“Yeah, but John, you’re talking about a lot of money and time to get started! No, I’m not. I’m talking about re-stacking your priorities. If you genuinely believe that difficult times are upon us…or in the near future…or possible within your lifetime..you can sit around and fantasize, and dream about what you would do, or you can start doing things.
Give up an hour of television or video games each night. Stop buying Starbucks on the way to work, and spend that $7-8 on more useful items and materials. Stop dreaming. JUST. DO. IT.”
If you are into permaculture or like Mosby’s writing style, you will also enjoy his article on composting human waste during a collapse scenario.
“Officers generally attempt to do the right thing for the right reasons. I get this. But some field confrontations exceed our capabilities. The ability to comprehend when one is “out of their depth” is essential and requires experienced supervision and instruction to relate to those not so experienced.
The best of intentions do not necessarily translate into successful resolution when the possessed skill sets are not commensurate with the intent.”
A quality analysis of the issues involved when you choose to carry weapons in to a location that really doesn’t want you to have a gun (or knife, or sap…whatever).
“Laws are about ensuring compliance, whereas morality is about living in such a way that creates no victims.”
You can read some of my thoughts on the topic at Deep Concealment Options for the Non-Permissive enviroment.
Lauren got me this one as a gift after we listened to a fascinating interview with the author. The subject of the book lived 27 years camping in the Maine woods without having a single interaction with a human being. My reclusive side wants to embrace this guy as my hero.
As a guy who appreciates the utility of both the .22 cartridge and the snubby revolver, I’m surprised I haven’t ever seen one of these in person. It’s a neat little gun and is less than half the price of a new .22 S&W J-frame. If this one intrigues you, check out this article for even more information.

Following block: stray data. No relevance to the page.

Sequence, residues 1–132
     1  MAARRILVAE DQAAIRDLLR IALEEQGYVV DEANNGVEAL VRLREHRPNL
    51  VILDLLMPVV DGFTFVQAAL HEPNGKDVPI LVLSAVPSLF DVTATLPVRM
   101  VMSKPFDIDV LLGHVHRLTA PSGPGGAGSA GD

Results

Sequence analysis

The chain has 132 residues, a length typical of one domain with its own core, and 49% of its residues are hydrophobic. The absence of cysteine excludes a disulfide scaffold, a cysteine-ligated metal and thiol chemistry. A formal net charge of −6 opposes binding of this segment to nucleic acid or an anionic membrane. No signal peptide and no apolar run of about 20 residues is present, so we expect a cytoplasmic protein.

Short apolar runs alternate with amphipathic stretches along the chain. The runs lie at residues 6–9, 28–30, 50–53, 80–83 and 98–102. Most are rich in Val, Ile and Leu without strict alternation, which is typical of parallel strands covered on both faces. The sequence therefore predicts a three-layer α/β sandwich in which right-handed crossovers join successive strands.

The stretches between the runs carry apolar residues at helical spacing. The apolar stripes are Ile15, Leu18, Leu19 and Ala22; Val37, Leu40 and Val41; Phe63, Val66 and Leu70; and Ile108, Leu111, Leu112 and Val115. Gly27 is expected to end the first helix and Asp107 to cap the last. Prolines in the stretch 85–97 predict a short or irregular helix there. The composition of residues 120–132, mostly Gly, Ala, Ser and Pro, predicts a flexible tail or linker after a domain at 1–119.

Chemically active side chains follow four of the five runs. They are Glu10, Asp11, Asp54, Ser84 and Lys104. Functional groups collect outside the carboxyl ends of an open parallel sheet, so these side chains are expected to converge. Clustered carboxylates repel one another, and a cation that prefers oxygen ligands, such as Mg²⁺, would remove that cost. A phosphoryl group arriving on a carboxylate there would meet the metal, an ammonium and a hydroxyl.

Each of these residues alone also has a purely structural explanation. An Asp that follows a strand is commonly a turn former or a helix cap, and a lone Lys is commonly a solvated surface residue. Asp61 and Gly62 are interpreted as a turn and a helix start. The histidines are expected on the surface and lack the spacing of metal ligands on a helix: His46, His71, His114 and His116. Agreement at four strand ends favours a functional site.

And while we are on the topic of snubby revolvers, you might be interested in a bit of the history behind the snub-nosed revolver.
One more article on tiny .22s for you this week. Lucky Gunner shares a very useful perspective on the mini-revolver. It is rarely a good choice for a defensive pistol. I find that most people who carry these guns, don’t have a realistic idea about how slow or awkward a pocket draw with a tiny pistol can be in the stress of a physical struggle. Look at the Lucky Gunner tests here. All of the other guns tested performed demonstrably better.
Here’s yet another “unconventional” weapon. Did you know they can make airguns that shoot a .50 lead bullet at 1000 feet per second? This dude actually went bear hunting with what is essentially a very big pellet gun.
If I ever lost my gun rights, this would probably a great choice for extended range home defense.
How do you know if you are going to “pass the test?” Mike Pannone has some enlightening commentary on the issue.
The article contains a lot of useful information if you can tolerate the grammatical errors and the somewhat rough writing style. If you haven’t seen my article about the same topic, I think it will be worth your while to read.